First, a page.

Consider two machines. Put the planer on wheels and roll it into the corner. Get an 8" jointer as that's what you'll use way more than the planer. Two different cutterheads so dulling won't be quite so quick. Setting the knives is easier because there's not two surfaces to index to rather than one.
 

scsmith42

New User
Scott Smith
Very good advice from Bob and Dave.

I currently have a 16" combination jointer/planer manufactured for Grizzly by Sheppach in Germany. The quality of the cut is very good, but in my experience standalone units are a better choice for the reasons espoused by D&B.
 

Douglas Robinson

Doug Robinson
Corporate Member
I have the a small shop and I switched from separate machines to the Jet combo machine. I have nothing but praise for it. The dust is NOT and issue as the shroud pivots and the hose hooks up to it in either configuration. I have no qualms recommending it. You are welcome to come by and check it out if you want.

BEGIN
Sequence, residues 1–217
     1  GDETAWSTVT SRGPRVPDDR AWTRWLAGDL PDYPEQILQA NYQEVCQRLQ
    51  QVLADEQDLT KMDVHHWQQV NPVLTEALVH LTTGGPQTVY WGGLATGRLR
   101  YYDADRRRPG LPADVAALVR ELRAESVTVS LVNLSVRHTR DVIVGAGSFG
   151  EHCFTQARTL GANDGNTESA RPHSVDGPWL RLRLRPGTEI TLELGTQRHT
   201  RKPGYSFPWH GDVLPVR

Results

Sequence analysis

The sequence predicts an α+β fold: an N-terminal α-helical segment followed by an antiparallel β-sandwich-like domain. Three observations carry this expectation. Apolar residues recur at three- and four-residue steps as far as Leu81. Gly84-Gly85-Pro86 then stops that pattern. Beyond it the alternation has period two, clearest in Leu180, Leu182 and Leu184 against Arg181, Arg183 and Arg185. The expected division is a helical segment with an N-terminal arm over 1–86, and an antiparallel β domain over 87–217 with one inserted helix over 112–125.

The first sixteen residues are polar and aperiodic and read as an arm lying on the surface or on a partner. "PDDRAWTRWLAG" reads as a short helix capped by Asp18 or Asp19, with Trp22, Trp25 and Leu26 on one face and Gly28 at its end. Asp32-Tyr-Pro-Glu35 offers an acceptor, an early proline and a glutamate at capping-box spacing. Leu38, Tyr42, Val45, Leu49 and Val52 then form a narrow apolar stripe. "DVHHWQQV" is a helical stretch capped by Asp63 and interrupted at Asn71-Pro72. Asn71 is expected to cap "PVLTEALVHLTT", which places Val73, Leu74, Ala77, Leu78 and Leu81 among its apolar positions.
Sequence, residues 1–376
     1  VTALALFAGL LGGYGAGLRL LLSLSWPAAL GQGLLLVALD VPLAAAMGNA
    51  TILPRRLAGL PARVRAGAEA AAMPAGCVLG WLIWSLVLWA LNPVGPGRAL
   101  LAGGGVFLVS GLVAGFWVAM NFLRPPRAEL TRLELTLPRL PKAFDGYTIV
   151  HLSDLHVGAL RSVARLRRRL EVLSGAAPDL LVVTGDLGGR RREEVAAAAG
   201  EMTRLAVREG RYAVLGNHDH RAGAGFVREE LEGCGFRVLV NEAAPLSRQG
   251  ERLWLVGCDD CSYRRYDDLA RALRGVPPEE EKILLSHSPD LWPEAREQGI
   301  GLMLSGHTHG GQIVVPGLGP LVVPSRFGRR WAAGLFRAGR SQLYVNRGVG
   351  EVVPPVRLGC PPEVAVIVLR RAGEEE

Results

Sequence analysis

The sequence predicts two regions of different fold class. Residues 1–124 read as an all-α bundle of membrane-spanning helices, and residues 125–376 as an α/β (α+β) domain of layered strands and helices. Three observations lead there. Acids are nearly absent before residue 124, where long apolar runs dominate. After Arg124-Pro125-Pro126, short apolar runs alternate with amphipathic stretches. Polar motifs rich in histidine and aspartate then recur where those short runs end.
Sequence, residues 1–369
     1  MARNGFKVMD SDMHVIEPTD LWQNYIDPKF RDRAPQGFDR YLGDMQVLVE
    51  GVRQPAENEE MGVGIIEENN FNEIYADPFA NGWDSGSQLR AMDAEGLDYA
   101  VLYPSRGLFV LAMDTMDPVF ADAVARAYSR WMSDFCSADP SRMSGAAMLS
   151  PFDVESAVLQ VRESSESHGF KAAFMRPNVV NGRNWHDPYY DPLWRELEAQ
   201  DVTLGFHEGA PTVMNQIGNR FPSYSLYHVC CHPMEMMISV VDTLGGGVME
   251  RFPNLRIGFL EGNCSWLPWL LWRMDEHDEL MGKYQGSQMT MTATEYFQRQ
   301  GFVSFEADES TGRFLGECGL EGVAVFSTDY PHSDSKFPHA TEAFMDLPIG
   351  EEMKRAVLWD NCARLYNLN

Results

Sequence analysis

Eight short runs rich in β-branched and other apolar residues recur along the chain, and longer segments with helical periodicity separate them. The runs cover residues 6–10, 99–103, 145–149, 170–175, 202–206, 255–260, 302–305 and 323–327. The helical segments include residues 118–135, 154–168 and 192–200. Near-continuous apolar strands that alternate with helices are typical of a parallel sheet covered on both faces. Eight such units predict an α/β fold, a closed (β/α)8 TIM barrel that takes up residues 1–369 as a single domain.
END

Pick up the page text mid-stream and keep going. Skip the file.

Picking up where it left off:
Bas

Recovering tool addict
Bas
Corporate Member
A separate jointer and planer take up a lot of space. It's not just the basic footprint, both jointers and planers need at least 8' on both the infeed and outfeed side (10' is better, 12' if you can arrange it). For two machines, that's a lot of room. Sure, you can put machines on mobile bases and roll them into position, but that takes time. There's also the hassle with attaching/ disconnecting dust collection hoses if you go the mobile route. Don't get me wrong, you do what's necessary to make things work. In my previous shop, I had to roll the planer into position every time I processed stock, and the jointer too if the board was over 6'. That's something to factor in when weighing the overhead of converting the jointer to planer and vice versa: what's your overhead with two machines?